The President will next face election next year and his fate will be determined in places like North Carolina, Virginia, Ohio, Missouri and Florida, where support for marriage equality is a minority position. We may not wish that politics would impact matters of basic fairness and our fundamental values as a nation but they do.

    Chris Christie has actively campaigned against marriage equality, exerting pressure on Republican state senators in the months between his November 2009 election and his January 2010 inauguration to ensure that they voted against a marriage equality bill. There's been much speculation that his bullying of state supreme court members more recently intimidated some of them into not immediately hearing arguments in the pending marriage equality case in New Jersey.

    While we might wish that he would have done more, the President has expressed his opposition to the ultimately successful efforts to overturn marriage rights in California and in Maine and, in a move with few historical precedents, he has declined to any longer defend DOMA in the courts because of his conclusion, and the conclusion of his AG, that the law is unconstitutional.

    As significantly as any of the foregoing, let's not forget that the way in which these two men may have their most profound impact on the rights of LGBT people for decades to come is through their judicial appointments. The President has done admirably in appointing Justice Sotomayor and, perhaps to a lesser extent, Justice Kagan to the Supreme Court. I expect that they will be votes in favor of equality when a marriage equality case finally hits the Supremes. Christie, on the other hand, bulled past tradition in the Garden State by refusing to grant tenure to a moderate African-American supreme court justice appointed previously by McGreevey so that he could instead appoint a Republican donor to that seat.

    In my opinion, it's simplistic to say that Christie's record and the President's record on this issue are identical.

    Posted by: Patric | Jun 15, 2011 12:45:15 PM

  18. Second class status again.!!!!!..separate but not equal..!!!!!!...


    Posted by: Brains | Jun 15, 2011 12:45:27 PM

  19. This is being decided in the NJ Supreme Court, so he has little to worry about politically.

    Posted by: anon | Jun 15, 2011 12:48:37 PM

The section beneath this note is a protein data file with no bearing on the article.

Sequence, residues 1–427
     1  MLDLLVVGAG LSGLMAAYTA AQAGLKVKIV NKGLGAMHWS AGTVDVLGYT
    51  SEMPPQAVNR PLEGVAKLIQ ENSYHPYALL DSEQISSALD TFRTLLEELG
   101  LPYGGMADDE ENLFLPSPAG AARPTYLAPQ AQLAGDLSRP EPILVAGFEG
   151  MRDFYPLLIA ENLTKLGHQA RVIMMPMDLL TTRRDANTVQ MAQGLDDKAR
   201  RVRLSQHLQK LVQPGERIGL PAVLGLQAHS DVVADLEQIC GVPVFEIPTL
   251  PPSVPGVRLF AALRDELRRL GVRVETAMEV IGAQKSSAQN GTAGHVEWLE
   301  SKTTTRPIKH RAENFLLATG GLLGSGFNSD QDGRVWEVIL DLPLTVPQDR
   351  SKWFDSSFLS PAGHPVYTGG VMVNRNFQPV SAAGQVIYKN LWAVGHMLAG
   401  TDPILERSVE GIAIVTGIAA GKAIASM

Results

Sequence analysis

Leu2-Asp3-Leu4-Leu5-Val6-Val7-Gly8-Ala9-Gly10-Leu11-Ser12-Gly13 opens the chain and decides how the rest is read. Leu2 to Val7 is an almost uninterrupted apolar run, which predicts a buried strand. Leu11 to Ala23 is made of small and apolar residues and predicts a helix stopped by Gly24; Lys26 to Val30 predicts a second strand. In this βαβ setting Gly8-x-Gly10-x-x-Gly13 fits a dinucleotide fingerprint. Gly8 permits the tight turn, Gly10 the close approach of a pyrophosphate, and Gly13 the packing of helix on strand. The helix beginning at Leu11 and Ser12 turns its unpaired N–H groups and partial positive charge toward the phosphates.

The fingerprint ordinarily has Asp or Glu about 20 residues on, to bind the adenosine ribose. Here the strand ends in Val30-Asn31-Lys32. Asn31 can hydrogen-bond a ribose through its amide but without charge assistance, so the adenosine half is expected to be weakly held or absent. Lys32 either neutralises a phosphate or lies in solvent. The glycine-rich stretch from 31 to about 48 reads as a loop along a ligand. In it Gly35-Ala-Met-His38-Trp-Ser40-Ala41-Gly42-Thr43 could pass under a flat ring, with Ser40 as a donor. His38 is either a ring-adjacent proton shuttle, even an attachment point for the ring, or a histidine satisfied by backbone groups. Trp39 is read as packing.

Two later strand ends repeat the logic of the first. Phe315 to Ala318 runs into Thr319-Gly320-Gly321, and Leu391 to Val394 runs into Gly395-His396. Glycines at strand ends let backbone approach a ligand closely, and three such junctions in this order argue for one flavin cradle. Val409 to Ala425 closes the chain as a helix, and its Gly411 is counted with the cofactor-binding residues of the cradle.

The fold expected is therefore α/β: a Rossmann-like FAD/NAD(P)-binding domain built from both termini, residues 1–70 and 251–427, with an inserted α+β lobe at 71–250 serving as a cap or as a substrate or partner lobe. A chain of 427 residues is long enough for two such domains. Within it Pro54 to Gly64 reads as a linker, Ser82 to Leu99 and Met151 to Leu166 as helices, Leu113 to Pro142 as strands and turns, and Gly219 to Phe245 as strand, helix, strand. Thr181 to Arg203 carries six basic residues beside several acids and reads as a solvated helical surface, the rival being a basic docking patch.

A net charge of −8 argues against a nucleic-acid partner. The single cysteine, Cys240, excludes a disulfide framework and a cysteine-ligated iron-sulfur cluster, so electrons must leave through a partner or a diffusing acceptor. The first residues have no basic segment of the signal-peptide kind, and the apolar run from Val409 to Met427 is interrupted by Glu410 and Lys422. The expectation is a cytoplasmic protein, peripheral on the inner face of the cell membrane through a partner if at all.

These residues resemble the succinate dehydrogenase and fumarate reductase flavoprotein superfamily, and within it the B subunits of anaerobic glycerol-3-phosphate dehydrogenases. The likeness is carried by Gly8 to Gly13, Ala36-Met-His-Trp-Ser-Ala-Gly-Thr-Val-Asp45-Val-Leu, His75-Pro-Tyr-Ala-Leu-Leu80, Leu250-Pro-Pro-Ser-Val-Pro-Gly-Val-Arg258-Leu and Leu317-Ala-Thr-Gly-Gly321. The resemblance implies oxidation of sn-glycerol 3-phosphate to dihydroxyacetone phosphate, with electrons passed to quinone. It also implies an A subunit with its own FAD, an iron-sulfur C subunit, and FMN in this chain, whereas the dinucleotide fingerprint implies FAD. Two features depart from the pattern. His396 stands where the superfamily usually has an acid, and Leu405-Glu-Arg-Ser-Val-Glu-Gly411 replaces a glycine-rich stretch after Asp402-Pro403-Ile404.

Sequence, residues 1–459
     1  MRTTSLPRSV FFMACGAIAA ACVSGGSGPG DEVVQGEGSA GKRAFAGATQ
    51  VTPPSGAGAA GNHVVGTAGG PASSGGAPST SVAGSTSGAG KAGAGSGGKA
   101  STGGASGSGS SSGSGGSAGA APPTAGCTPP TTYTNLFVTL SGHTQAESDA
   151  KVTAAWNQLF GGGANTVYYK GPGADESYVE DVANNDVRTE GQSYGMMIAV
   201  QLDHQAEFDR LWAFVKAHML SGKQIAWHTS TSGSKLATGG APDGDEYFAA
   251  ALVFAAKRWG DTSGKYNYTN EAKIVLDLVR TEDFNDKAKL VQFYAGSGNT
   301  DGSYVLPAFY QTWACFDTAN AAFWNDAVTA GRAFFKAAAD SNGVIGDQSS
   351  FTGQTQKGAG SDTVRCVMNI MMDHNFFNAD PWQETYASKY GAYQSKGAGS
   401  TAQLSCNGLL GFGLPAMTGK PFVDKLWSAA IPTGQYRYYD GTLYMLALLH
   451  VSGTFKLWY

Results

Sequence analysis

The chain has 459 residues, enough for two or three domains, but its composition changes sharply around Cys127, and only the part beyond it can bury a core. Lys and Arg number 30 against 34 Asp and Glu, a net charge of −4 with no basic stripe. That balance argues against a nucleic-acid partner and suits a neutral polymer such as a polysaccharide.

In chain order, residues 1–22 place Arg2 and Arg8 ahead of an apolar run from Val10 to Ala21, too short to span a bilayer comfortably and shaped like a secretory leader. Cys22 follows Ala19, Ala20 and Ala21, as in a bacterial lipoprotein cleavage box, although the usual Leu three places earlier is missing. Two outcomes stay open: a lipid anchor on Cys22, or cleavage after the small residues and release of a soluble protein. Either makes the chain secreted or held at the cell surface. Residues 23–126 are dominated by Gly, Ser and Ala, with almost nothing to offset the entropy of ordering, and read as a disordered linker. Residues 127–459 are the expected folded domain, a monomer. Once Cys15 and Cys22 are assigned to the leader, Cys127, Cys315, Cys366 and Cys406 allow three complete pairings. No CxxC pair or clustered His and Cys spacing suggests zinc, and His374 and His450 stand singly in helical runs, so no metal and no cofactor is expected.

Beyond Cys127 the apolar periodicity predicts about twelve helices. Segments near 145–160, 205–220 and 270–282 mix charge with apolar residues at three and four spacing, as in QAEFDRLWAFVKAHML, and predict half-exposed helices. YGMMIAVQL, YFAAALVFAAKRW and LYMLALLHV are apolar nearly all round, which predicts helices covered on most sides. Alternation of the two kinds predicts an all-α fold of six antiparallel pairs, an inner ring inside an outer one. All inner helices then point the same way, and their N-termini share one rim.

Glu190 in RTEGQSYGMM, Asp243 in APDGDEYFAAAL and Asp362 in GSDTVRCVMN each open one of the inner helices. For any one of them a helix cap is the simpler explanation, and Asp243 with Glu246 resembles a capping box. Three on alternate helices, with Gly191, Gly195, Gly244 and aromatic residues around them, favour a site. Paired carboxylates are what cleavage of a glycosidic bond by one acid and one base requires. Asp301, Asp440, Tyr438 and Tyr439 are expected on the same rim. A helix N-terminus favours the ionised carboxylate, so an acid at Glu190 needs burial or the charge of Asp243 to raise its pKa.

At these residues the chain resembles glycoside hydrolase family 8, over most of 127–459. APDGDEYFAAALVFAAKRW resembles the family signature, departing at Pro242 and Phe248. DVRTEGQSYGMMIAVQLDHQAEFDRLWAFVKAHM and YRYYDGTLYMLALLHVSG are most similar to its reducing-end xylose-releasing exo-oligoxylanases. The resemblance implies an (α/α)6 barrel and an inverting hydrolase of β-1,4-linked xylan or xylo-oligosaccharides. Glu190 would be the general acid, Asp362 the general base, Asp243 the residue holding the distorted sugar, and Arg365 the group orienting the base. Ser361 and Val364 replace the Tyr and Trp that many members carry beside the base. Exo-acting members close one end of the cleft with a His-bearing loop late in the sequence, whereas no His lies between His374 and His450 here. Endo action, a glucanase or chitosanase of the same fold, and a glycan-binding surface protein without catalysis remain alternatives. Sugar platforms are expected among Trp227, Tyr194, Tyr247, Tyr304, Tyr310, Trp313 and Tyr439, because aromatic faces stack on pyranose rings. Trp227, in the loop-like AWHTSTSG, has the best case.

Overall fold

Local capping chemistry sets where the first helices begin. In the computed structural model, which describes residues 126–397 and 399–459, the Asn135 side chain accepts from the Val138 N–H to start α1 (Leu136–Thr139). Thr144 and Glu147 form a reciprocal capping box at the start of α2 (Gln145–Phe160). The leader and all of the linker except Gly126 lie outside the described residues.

20. I'll applaud his courage to step out of line with the rabid bigots of his party even though I probably will never even consider voting for him or any Republican.

    Posted by: NY2.0 | Jun 15, 2011 12:51:34 PM

  21. This is what it must feel like to have white reporters ask politicians questions about black civil rights issues.

    I don't fricken' care whether he thinks I'm a sinner. I care if he support FEDERAL RECOGNITION of those New Jersey CUs.

    Posted by: BobN | Jun 15, 2011 3:50:16 PM

  22. Marriage is a failed institution, just look around at all the divorces and marriages of convenience. The only role marriage plays nowadays is for inheritance and financial arrangements (child support). Who needs it? But even though I don't want to marry I want the right to mess up my life just like a hetero.

    All these politicians talk like they are representing a state religion instead of a secular government. Marriage is a legal contract not a sacrament. Let the churches preside over their sacraments and leave the legal questions to the government.

    Posted by: equality now | Jun 15, 2011 5:30:35 PM

  23. I live in NJ and can't wait to vote his fat bigot ass out of office.

    Posted by: jaragon | Jun 15, 2011 5:41:22 PM

  24. So maybe he said one decent thing. He can't be separated from his party, and they're still savages to the nth degree. For any change in the political winds, he could easily become one of the most rabid homophobes in the party.
    I'm just saying. Let's not get all gooey over one comment.

    Posted by: Wilberforce | Jun 15, 2011 11:08:20 PM

  25. Does this mean he's not running for President? The Republicans won't nominate someone who says the gays aren't sinners.

    Posted by: RedOnTheGreg | Jun 16, 2011 12:32:19 AM

  26. 1 2 »

Post a comment


« «NY Archbishop Dolan Warns of Communist Threat from Same-Sex Marriage, Says It Redefines 'Natural Law'« «